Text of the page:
I hit enter and posted prematurely.
...
That can be taken out of context far too easily.

I edit my posts a lot some times as I post before I'm done saying what I intended to say. I blame the ' key being next to enter.
Fair enough. As to your expanded point I partially agree, the U.S. does attempt to order other countries too often. However I don't see any real problem on imposing trade restrictions on countries that won't go along with copyrights, it's not a direct order so much as fair leveraging.
"Don't agree with our rules, or we'll remove one of your largest sources of income, and remove the jobs of millions of people"

Seems like bullying to me.
The U.S isn't required to trade with any state, why should it then give it's business to a state that won't cooperate with copyrights? You can talk about how that hurts the country in question, but that hypothetical country doesn't have some right to U.S. trade on any terms it likes.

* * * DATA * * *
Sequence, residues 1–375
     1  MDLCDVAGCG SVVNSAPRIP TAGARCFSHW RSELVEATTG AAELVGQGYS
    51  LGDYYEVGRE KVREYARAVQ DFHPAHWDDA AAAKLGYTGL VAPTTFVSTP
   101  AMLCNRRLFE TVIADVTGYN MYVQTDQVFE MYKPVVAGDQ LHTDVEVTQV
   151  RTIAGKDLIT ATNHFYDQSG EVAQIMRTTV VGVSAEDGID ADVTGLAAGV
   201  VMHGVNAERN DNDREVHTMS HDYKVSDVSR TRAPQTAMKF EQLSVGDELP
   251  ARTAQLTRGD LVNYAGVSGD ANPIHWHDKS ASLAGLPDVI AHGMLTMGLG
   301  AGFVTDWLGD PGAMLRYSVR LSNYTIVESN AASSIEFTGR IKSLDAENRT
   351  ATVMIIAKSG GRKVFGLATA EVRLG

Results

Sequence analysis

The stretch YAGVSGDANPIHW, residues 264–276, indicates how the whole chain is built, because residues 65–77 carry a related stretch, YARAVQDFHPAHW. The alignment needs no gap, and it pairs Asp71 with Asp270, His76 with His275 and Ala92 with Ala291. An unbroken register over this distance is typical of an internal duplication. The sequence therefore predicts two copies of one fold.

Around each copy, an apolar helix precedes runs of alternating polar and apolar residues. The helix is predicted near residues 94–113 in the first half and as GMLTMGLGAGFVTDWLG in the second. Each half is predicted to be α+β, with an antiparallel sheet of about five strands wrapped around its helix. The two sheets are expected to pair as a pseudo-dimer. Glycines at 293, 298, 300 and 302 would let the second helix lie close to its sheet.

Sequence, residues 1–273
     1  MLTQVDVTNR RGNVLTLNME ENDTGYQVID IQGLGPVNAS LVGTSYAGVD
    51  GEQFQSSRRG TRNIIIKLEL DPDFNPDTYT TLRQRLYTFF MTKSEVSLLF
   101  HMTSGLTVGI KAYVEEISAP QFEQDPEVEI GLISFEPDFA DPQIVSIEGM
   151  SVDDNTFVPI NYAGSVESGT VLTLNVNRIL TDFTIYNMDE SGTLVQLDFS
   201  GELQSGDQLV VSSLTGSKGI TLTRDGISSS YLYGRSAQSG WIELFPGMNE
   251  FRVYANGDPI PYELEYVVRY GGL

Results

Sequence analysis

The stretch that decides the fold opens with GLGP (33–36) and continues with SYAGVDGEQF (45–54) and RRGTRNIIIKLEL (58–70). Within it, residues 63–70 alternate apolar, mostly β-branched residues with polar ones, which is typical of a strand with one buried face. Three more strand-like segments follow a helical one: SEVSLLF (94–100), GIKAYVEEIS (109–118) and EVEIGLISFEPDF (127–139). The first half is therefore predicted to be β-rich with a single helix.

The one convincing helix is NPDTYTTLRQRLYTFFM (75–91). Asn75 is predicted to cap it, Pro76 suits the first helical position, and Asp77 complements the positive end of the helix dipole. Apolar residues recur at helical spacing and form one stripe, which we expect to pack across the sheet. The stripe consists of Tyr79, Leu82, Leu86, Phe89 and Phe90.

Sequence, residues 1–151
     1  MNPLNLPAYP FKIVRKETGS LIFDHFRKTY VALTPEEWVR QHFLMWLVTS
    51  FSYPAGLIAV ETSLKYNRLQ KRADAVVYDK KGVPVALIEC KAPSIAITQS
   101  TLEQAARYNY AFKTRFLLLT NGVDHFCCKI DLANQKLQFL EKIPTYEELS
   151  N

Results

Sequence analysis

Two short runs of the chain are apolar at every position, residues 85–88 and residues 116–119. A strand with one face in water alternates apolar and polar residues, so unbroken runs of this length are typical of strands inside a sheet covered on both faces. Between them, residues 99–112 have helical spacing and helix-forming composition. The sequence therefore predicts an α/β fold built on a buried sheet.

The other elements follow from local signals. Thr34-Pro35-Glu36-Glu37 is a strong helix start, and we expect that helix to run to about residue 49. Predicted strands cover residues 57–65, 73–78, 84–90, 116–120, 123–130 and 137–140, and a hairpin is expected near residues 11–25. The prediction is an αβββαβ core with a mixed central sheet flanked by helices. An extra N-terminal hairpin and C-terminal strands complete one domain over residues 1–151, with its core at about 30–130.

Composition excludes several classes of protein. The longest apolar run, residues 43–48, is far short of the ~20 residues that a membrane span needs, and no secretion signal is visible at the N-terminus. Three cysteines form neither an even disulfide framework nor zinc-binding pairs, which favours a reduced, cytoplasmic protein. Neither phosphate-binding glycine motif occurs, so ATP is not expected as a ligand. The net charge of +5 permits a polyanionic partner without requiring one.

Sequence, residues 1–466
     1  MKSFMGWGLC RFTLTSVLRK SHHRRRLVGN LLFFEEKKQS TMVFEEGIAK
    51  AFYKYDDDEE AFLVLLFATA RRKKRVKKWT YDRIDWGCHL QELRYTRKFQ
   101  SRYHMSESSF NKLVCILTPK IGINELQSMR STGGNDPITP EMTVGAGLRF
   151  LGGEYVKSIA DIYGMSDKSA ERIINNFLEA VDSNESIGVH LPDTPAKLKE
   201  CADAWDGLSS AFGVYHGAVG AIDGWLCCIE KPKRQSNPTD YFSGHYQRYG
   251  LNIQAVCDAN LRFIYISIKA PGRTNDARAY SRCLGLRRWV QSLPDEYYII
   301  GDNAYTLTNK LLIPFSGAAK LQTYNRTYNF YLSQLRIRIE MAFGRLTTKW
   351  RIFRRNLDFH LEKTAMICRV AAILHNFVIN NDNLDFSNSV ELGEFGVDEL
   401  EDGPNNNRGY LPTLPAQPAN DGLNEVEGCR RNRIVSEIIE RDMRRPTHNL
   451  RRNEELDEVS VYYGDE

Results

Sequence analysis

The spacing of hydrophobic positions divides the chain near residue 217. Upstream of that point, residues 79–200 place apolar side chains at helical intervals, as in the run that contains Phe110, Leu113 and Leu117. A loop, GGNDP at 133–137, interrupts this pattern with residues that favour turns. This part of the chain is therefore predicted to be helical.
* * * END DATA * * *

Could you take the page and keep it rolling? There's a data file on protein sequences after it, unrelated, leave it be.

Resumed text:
I'm not saying they have a right. I'm saying that the leverage they have could severely frig up a countries economy to all hell if they don't agree with something.

"Don't like what we're doing, say good bye to your economy" is what it looks like. Yeah I know they don't have a right, but that doesn't make it "right" to force countries that rely on the states so heavily to do as the states wish. THAT'S what I'm trying to say.
I really don't think the States is in any position to threaten anyone with economical reprecussions.
 

Andy Chalk

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Nov 12, 2002
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dududf said:
Kanodin0 said:
dududf said:
Kanodin0 said:
dududf said:
Kanodin0 said:
I hit enter and posted prematurely.
...
That can be taken out of context far too easily.